Electrical Grid Decarbonization

Grid Decarbonization, Electrical Grid Carbon, Grid Cleaning, Grid Greening

Sara Laudeman avatar
Written by Sara Laudeman
Updated over a week ago

Electrical grid decarbonization refers to the process of reducing the amount of carbon emissions associated with the generation of electricity. Currently, many power plants use fossil fuels like coal or natural gas to produce electricity. Burning these fuels releases carbon dioxide (CO2) and other greenhouse gases into the atmosphere, contributing to climate change. Grid decarbonization aims to transition away from these fossil fuel-based power sources and replace them with cleaner and more sustainable alternatives like solar, wind, hydro, and geothermal power.

The decarbonization process involves increasing the share of renewable energy in the electricity mix. As more renewable energy sources are added to the grid, the carbon intensity of the electricity (kgCO2e/kWh) decreases. This shift towards cleaner energy sources helps reduce the overall carbon footprint of the electricity we use in our homes, businesses, and other buildings.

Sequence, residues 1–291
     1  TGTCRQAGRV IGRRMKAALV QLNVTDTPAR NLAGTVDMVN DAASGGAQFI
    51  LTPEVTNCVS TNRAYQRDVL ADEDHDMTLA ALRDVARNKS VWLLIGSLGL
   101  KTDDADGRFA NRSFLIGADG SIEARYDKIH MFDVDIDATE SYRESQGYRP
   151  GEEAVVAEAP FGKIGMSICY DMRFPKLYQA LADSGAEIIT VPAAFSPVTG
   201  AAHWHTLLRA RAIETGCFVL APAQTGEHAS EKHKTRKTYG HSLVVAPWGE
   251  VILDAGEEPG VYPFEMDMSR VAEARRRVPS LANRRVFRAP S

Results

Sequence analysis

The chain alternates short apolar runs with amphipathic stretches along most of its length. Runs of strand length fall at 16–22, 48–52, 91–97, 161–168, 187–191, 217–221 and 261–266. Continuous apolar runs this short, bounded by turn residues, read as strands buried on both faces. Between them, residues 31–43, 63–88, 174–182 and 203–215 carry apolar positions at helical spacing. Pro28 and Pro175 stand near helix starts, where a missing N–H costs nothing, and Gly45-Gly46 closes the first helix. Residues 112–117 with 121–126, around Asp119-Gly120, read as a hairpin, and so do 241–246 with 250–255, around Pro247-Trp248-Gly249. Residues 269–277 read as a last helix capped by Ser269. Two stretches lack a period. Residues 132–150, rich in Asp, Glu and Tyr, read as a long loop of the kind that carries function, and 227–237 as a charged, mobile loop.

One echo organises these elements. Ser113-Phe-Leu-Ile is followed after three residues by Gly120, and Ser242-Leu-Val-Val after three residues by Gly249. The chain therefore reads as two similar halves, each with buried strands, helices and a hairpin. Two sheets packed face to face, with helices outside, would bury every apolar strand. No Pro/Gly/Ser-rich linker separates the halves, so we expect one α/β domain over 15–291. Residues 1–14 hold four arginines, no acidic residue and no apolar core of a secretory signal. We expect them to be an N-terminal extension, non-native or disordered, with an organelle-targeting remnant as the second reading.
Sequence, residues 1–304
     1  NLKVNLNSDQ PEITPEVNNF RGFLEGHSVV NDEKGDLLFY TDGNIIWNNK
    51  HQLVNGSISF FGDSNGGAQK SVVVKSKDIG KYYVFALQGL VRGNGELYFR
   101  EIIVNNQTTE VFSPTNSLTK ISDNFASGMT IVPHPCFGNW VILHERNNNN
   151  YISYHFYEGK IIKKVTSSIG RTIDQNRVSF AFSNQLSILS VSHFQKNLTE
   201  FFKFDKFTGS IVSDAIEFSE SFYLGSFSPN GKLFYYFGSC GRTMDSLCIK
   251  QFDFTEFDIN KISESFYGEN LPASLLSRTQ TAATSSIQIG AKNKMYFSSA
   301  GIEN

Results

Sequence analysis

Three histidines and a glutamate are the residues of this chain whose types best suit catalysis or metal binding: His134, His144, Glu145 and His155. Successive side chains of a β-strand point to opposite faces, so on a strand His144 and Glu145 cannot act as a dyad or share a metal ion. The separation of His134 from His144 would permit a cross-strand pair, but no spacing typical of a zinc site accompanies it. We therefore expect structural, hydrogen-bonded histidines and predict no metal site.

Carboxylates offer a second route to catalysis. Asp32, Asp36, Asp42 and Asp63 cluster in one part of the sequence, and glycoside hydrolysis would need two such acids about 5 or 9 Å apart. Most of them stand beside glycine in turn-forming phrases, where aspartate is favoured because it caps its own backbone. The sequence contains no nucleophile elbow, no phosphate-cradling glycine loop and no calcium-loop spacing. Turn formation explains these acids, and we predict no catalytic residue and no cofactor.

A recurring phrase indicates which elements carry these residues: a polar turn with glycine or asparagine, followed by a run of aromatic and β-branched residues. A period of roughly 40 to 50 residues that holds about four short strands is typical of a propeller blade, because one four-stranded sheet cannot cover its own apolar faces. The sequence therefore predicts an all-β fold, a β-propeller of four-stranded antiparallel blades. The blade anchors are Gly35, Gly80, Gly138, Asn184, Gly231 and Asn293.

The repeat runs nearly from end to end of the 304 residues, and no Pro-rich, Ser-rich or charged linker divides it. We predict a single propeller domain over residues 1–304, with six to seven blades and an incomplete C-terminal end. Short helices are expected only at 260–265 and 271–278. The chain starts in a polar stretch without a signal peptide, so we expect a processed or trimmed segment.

Electrical Grid Decarbonization Data

A number of different global, international, national, and state/province data sources exist for grid decarbonization data, projection, and historical data. cove.tool uses the following sources for historic, projected, and single-year data to cover the broadest range possible.


cove.tool uses these data sources to extrapolate the future decarbonization of the grid to account for lifecycle operational carbon in the Carbon Feature. Based on the Cambium projects from NREL, a logarithmic decay curve is fit to the projection data based on the decarbonization scenario selected. This curve is used to extrapolate future projections for locations without anticipated grid decarbonization data. In locations with historical data, the curve is fit to the historical data and a projected point in the future according to the selected decarbonization scenario. A similar approach is taken for locations which only have a single-year data point, fitting the curve between two points. In locations with no initial grid factor data, users may enter the initial year and the factor.

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